Ecology And Modern Scottish Literature

The landlordism prevalent in the mountainous regions of Scotland in the mid-nineteenth century impinged on the activities of humans and wildlife alike. Enclosure of land for country sports ensured that, as the environmental historian David Evans has pointed out, the survival or otherwise of Britains fauna was determined predominantly by the landed proprietors and their gamekeepers.

Britain became the most intensively gamekeepered country in the world. The landlords and their wealthy guests were killing game on a scale unlike anything that had gone before, with literally thousands of grouse, deer and other animals shot each year, while their gamekeepers were exterminating huge numbers of wild animals which posed a threat to the jealously-guarded game birds of prey, weasels, foxes, wildcats, badgers, otters, and pine martens all species now protected by law, many driven to the edge of extinction in the Highlands.

However, throughout the nineteenth century, the families who had lived for cen- turies on these West Highland estates, and depended upon access to the land for their livelihoods, were pushed more and more to the periphery; with much of the inland countryside cleared for sheep farming or deer forests, many tenants were moved onto coastal small-holdings. The typical croft was composed of a narrow strip of land, beginning on the hillside or black land which provided grazing for livestock, and stretch- ing down to the more fertile at land, the coastal machair or dune meadow where the family grew their crops.

The s saw the emergence of a generation of Scottish workers and political reformers in the Highlands and elsewhere who sought to challenge the traditional rights of landlordism, which had been carried out to their fullest and most brutal extent during the Highland Clearances a process which continued well into the s and in atten- uated form into the s by some accounts. This land use conict was perceived as a re-emergence of the Highland threat by many observers in England and lowland Scotland, but gained public support in an era less forgiving of heavy-handed government tactics, as well as the backing of prominent intellectuals amongst the Scottish establishment.

Blackie, who, like Veitch, studied both Scottish and Classical verse, producing his own study of national poetry, Scottish Song: Its Wealth, Wisdom, and Social Signicance in , held a genuine inter- est in both Gaelic culture demonstrated by his campaign for the Chair of Celtic Literature at the University of Edinburgh and Home Rule. Devine argues, Blackies writings projected a potent message of literary romanticism and political radicalism, a message contingent with the emergent claims for the redistribution of land use not least through his association with the Free Church of Scotland, which rejected patronage from the landed classes.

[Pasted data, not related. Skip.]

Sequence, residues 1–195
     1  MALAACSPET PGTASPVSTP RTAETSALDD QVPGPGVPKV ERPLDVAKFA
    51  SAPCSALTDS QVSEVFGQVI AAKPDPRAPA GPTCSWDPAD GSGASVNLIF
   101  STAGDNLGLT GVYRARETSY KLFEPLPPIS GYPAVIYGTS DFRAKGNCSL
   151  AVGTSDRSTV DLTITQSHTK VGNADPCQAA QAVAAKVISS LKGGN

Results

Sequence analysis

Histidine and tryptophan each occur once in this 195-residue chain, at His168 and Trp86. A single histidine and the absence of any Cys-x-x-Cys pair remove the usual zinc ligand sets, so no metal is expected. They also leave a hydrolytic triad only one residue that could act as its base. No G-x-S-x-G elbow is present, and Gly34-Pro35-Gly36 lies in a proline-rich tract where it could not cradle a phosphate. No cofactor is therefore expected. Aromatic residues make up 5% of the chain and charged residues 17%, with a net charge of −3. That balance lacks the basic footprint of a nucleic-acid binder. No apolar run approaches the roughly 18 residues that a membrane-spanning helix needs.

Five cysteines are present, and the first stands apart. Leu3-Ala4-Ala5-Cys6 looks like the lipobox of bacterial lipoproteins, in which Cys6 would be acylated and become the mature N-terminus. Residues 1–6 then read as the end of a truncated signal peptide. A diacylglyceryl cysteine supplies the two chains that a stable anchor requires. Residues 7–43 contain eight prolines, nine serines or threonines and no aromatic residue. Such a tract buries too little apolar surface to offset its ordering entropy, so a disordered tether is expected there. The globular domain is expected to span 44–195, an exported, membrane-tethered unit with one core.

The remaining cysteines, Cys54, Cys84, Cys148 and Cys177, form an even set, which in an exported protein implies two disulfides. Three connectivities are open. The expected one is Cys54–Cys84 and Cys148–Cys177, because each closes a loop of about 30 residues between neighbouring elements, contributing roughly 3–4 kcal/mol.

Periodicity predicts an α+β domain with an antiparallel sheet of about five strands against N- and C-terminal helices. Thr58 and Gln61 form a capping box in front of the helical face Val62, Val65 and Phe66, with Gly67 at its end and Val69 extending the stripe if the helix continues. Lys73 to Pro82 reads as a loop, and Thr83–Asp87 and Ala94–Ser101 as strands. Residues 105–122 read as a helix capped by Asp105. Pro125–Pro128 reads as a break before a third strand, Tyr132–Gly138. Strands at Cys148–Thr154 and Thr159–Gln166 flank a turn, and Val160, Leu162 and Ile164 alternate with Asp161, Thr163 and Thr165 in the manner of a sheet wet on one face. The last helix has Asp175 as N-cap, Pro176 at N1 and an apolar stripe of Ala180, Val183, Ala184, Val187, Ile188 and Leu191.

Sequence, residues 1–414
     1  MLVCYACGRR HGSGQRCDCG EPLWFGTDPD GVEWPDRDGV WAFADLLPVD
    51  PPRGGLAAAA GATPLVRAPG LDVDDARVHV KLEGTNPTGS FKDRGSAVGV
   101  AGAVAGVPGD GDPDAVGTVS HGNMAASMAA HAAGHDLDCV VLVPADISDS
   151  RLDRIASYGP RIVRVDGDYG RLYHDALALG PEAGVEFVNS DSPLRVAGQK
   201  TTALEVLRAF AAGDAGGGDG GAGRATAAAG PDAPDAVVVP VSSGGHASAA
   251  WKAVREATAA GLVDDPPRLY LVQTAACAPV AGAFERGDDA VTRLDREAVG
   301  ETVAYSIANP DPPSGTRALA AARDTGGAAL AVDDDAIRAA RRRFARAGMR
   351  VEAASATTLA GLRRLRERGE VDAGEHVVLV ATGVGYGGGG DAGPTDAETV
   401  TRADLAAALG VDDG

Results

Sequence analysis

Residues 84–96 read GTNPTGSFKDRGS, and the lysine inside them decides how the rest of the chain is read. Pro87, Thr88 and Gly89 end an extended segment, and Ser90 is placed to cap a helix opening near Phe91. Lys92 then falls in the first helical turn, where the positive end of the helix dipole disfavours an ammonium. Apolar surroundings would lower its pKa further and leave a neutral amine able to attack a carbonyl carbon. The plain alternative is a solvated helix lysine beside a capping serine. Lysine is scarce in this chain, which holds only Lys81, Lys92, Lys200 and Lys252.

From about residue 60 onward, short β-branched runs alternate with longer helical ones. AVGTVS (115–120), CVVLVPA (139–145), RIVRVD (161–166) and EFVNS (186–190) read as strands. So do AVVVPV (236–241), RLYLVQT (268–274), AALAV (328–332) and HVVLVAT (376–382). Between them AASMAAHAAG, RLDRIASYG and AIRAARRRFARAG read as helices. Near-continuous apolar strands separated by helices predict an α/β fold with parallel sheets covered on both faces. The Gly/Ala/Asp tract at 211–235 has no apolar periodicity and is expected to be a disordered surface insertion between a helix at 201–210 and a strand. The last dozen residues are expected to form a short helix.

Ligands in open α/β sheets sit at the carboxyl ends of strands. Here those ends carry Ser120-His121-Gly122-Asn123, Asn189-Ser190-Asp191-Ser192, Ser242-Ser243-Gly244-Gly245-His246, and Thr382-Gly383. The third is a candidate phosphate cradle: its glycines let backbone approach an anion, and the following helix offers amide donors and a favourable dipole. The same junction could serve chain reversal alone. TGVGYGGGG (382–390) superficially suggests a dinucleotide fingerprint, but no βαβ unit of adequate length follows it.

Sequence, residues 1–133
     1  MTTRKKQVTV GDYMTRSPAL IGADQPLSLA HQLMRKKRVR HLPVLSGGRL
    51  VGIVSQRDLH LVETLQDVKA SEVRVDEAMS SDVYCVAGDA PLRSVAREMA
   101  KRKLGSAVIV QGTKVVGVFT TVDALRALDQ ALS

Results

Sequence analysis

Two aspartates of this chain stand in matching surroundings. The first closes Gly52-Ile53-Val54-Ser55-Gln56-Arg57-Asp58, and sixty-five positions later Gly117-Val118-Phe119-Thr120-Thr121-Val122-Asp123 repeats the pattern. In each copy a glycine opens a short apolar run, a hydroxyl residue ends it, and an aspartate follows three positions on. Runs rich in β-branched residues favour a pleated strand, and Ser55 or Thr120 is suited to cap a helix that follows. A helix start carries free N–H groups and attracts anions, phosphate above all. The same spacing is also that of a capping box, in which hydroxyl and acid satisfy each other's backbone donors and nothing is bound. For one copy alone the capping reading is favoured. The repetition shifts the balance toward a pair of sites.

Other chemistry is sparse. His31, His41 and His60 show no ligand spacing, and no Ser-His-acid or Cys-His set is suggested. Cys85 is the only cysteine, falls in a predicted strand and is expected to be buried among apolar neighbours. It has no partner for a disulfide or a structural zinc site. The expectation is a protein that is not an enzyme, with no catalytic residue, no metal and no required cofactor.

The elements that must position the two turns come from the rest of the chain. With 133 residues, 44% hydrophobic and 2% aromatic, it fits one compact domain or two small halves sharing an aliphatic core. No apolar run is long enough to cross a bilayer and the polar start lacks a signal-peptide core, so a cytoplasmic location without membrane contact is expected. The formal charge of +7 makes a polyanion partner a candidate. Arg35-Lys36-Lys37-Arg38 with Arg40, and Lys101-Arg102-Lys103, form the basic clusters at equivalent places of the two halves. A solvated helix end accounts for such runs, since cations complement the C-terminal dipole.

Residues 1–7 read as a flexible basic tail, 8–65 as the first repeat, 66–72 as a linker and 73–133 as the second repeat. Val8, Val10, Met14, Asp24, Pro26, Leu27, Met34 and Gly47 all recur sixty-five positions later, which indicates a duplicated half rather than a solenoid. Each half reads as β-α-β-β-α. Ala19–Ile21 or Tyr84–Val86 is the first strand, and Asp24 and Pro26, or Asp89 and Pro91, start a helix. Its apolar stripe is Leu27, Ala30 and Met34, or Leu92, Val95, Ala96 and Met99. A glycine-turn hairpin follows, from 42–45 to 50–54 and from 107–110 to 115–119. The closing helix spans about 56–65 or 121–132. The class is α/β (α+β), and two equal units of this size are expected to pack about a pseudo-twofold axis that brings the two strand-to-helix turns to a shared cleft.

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Veitch, like Blackie, was a member of this Church. Originally intending to join the ministry of the Free Church on his grad- uation, Veitch joined the ranks of the dissenters at the time of the Disruption of the Scottish Kirk in , and was admitted to the New College at Edinburgh University in , which had just been created for the benet of free-church students. It may be possible to view him as the Borders equivalent of these other Highland campaigners: involved later in life with Peebleshire politics, and taking an active part in the leading border associations an area of the country no less constrained by the conicting needs of landowner, crofter and hill walker Veitch can be located at least on the periphery of this tradition.

In the rst place, he is an animal, a land animal who cannot live without land. All that man produces comes from land; all productive labour, in the nal analysis, consists in working up land; or materials drawn Feelings for Nature in Victorian Scotland 29 from land, into such forms as t them for the satisfaction of human wants and desires. Why, mans very body is drawn from the land. Children of the soil, we come from the land, and to the land we must return.

Take away from man all that belongs to the land, and what have you but a disembodied spirit? Therefore he who holds the land on which and from which another man must live, is that mans master; and the man is his slave. For George, human dependence on the envi- ronment is the essential fact of life a fact which was no less applicable in the Scottish Highlands as it was in North America.